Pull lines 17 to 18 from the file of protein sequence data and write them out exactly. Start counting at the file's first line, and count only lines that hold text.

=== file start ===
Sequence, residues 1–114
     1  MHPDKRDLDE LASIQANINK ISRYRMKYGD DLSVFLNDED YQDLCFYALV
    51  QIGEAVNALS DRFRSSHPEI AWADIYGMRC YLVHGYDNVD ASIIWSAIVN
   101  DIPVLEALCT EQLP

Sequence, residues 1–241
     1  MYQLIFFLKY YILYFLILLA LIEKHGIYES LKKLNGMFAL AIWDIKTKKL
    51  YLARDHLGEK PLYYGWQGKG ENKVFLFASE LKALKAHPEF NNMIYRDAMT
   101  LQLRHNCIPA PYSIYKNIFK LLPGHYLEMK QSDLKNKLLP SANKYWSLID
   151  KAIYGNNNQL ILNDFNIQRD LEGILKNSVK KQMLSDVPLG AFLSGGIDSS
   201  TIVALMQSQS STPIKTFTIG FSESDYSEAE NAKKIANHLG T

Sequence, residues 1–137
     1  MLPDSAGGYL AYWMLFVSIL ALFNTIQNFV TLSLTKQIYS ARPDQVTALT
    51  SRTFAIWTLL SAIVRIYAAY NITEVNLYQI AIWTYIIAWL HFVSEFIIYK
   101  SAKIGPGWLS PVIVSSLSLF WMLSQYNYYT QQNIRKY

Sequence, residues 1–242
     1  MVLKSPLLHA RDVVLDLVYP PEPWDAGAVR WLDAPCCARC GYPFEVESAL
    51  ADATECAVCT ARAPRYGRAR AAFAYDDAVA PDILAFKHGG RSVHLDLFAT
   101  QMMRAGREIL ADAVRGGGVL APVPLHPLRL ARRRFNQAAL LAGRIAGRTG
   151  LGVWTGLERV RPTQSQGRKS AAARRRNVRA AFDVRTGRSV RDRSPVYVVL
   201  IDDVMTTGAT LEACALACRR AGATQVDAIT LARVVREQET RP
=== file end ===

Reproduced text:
    51  ADATECAVCT ARAPRYGRAR AAFAYDDAVA PDILAFKHGG RSVHLDLFAT
   101  QMMRAGREIL ADAVRGGGVL APVPLHPLRL ARRRFNQAAL LAGRIAGRTG